Abstract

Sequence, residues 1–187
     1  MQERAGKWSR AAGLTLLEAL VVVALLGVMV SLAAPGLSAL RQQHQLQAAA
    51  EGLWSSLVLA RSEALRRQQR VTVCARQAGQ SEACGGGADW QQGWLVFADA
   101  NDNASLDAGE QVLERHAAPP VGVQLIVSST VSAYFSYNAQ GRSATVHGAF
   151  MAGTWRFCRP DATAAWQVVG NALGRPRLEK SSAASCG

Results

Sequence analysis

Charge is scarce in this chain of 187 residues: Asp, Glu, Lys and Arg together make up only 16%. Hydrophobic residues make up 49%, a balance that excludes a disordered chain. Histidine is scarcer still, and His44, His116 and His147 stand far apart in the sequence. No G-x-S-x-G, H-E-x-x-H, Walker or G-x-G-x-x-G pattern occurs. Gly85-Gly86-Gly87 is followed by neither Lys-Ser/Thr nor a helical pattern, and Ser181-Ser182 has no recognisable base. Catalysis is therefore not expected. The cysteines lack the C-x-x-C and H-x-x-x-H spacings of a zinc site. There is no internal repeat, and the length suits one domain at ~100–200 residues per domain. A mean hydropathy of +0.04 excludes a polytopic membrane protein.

A series of hematite samples (>98 % Fe2O3, Sishen Mine, South Africa) with different initial grain sizes of <5 μm, ≈7 μm, and ≈17 μm and an almost random texture were deformed in large-strain torsion experiments at temperatures between 650 and 1000 °C, 400 MPa confining pressure, and constant maximum shear strain rates between 0.34 × 10−5s−1 and 4.7 × 10−5s−1, resulting in finite shear strains between 0.4 and 4.7 and finite shear strengths in the range of 32–326 MPa. The data obtained at high shear strain (>3) fit to a power law creep equation with a pre-exponential constant of lnA = −5.03 ± 0.61 MPa−2.5 s−1, an activation energy of Q = 249 ± 48 kJ mol−1, and a stress exponent of n = 2.5 ± 0.5, indicating dislocation creep partially assisted by grain boundary sliding as the main deformation mechanism. Irrespective of the initial grain size, the final grain size (D) of fully recrystallized samples decreases continuously with increasing (steady state) equivalent stress (σ), yielding a piezometric relationship of the form: D<μm> = 1055 × σ<MPA>1.03 ± 0.10. The piezometer is applied to itabiritic hematite ores of the Iron Quadrangle, Minas Gerais, Brazil, consisting mainly of layered hematite and quartz. Compared to hematite the measured recrystallized grain size of quartz is always larger, which is in agreement with the grain size range predicted by recrystallized grain size-based piezometers for hematite and quartz if deformed at similar stress below about 100 MPa.

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